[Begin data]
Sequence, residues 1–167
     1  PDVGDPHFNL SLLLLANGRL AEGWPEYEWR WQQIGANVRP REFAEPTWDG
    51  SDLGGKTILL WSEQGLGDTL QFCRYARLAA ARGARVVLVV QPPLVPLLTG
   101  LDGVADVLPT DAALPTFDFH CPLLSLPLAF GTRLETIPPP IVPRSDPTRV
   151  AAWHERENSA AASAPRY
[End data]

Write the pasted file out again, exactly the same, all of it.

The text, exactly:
Sequence, residues 1–167
     1  PDVGDPHFNL SLLLLANGRL AEGWPEYEWR WQQIGANVRP REFAEPTWDG
    51  SDLGGKTILL WSEQGLGDTL QFCRYARLAA ARGARVVLVV QPPLVPLLTG
   101  LDGVADVLPT DAALPTFDFH CPLLSLPLAF GTRLETIPPP IVPRSDPTRV
   151  AAWHERENSA AASAPRY